The third round of the Austrian presidential election left Alexander van der Bellen (VdB) the winner. Contrary to all expectations, he beat Norbert Hofer with 53.2% to 46.2% of the vote. How could this surprising result come about in the age of Trump?
This was an unusual election. The Austrian presidential election is normally a two part election, but in this case, because of massive irregularities in the second round, the supreme court ordered a rerun of the second round vote. (In that case the vote got flipped from the populist right to the hard left after they counted the postal ballots.) Then, somehow, between the second round and the third round, Hofer lost ground.
FPÖ had a massive mobilization problem during the election. While the second round of voting ended with VdB ahead by 30,000 votes, the third election had him ahead by several hundred thousand. Many of the FPÖ voters who previously voted Hofer chose VdB instead or stayed home. Here is a good graphical overview of who voted what.
Why? OK, the pile-on was incredible. VdB, the Green Party candidate, was supported by almost every other Austrian political party. After the candidates of the socialists and conservatives were defeated in the first round of the presidential election by Norbert Hofer, they switched their support to the VdB. Even Irmgard Griss, of the neoliberal party NEOS, did not back Hofer in the 3rd round.
VdB was also massively supported by groups of the non-parliamentary left, e.g. students and leftwing screwballs. They organized a second election campaign with numerous demonstrations, lectures and events, which led to an enormous polarization among the electorate, and they were able to paint a picture of VdB as being the candidate against the "Nazis, racists and and the right". The FPÖ, on the other hand, and unlike Trump, ignored the patriotic civil society groups, such as the Identitarians, leaving the field uncontested.
Here on the ground there was an impression that VdB's election campaign was superior to Norbert Hofer's. This made it very difficult for the FPÖ to effectively counter the campaign against their candidate. The FPÖ's long-standing failure to build up its own alternative media and social media presence stands out on this point. Trump’s campaign was far more effective in this regard.
The FPÖ did not succeed in controlling the election campaign in the third round, despite favorable political issues (mass immigration, EU, security). While the Greens created an illusion of "last-minute patriotism," even wrapping themselves in the mantle of populism (like Trump), the FPÖ election campaign was, above all, tepid. They kept veering towards consensus. That they couldn’t mobilize their own voters is not entirely surprising.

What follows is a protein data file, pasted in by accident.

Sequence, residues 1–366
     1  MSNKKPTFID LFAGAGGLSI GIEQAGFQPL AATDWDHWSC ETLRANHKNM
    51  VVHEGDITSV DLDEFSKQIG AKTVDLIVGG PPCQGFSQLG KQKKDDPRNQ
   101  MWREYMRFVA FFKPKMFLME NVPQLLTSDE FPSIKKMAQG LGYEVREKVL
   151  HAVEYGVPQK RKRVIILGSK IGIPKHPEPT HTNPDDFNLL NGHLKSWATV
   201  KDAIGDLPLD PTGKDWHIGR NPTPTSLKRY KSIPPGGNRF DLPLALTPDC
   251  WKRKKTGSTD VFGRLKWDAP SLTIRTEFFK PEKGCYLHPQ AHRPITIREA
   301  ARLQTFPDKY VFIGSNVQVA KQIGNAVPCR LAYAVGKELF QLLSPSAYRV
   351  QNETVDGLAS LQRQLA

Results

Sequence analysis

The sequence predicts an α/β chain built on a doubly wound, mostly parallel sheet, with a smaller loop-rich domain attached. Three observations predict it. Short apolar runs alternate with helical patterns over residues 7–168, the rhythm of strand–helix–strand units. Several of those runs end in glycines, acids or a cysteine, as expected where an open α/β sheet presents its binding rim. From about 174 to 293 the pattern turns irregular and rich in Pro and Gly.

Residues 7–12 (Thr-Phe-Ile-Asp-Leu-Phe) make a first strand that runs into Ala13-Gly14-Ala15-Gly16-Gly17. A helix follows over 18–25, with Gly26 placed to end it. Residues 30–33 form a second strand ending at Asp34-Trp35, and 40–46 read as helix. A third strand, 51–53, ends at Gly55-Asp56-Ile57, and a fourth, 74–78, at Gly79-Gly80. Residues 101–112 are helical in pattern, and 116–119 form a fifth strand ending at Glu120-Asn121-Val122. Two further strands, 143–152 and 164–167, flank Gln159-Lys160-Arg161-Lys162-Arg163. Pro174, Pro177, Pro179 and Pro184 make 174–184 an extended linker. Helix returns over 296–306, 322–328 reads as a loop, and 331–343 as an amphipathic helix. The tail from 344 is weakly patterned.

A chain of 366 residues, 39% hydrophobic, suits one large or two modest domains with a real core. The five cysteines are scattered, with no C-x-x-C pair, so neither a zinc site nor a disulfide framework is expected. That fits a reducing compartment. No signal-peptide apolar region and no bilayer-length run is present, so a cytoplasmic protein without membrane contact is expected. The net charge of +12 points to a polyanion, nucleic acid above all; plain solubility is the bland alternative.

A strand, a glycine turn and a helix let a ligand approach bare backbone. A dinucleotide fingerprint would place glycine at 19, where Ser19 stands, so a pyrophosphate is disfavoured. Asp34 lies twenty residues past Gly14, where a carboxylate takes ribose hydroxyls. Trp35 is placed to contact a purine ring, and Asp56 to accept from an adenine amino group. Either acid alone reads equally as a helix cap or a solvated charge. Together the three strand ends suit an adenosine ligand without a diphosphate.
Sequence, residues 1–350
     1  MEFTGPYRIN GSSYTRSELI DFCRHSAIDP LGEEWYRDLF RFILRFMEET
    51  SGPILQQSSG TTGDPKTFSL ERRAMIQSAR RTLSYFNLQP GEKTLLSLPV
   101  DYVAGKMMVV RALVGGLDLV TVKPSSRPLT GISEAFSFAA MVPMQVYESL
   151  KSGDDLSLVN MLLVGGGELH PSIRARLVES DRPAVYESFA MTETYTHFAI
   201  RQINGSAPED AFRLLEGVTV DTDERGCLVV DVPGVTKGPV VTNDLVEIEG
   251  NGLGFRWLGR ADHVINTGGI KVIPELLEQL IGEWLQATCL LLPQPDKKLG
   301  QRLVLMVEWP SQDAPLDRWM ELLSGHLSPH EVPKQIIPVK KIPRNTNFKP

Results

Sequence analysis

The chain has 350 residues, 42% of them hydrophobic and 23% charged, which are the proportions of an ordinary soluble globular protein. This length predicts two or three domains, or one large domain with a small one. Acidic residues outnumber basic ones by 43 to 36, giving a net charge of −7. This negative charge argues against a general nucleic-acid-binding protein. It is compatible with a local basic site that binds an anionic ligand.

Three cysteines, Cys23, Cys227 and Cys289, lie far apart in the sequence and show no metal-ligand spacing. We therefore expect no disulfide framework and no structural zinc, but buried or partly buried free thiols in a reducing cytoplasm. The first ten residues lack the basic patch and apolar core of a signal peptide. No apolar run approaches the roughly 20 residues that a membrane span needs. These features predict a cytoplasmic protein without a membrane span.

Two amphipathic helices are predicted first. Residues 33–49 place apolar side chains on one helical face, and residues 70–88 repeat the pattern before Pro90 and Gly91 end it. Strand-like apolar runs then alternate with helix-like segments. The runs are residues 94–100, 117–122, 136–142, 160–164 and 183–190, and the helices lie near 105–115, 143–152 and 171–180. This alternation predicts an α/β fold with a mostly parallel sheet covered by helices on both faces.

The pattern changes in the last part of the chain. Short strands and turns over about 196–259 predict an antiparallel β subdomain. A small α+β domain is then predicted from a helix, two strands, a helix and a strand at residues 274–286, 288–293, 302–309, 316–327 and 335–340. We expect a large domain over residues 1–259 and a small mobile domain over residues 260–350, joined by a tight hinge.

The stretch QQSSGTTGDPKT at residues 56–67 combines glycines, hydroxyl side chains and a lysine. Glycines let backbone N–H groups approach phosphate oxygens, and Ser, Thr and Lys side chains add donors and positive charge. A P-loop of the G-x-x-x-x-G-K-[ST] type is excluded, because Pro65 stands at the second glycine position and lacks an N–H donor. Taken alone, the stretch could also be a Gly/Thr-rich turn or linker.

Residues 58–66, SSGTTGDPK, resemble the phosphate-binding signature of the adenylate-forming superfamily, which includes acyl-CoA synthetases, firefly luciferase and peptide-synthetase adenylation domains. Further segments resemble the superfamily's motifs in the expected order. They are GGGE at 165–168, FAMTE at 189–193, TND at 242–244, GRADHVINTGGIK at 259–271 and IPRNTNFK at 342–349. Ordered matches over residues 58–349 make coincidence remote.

In absolute terms, Hofer lost 300,000 votes compared to the first round. While VdB won a total of 145,000 new voters, Hofer lost 37,000 to his opponent, not least because more than 70,000 Hofer voters stayed home in the third round: a classic mobilization problem. The Green Party candidate picked up votes mainly in rural areas and from former ÖVP voters. This is significant, because the ÖVP are the Christian Conservative voters, and according to the institute SORA, they went 55% in the end for the left-wing, some would even say extreme left-wing, Green Party candidate.
What could Hofer have done differently in the months between the second and third round? He certainly could have concentrated more on the topics that distinguished him from VdB, globalization and establishment criticism, and portrayed VdB as someone that the ÖVP voters could only see as beyond the pale.
Precisely because he did not succeed in highlighting the importance of the election in this third round of voting, Hofer's positions could often hardly be distinguished from VdB's. And Hofer withdrew numerous popular demands or made them subject to the election.
It was a tough loss. The bookies had Hofer ahead, a populist Trump had just pulled off a win in November, and no one on our side thought Austria could stomach VdB. Any electoral post mortem is subject to opinion and interpretation - still there is a tendency on the side of the FPÖ and also in the patriotic camp to avoid addressing the defeat squarely. They were ahead, and they lost ground. How do they pull it off next time?
The same day we saw Hofer lose, we saw the populists in Italy with a clear win. While Austria isn’t Italy (or the United Kingdom or the US), there are opportunities to compare recent wins by populists in several Western countries. They were all very tough campaigns, but also ones in which the winners offered both optimism and change. Die Presse concludes their voter analysis suggesting VdB won in a few categories, most importantly among women, and also stating that the VdB voters expressed more optimism.
2018 National Council elections are around the corner. A lot of people want the FPÖ succeed, and that means digging a little harder for answers to establishment strategies to keep them from forming the next government.
The original German follows below.
Alexander Markovics is an Austrian writer and sometimes muckraker who lives in Vienna. Background in history and politics. You can read more of his fine work (in German) here, or
follow him on Twitter: Follow @AlexanderMarko8
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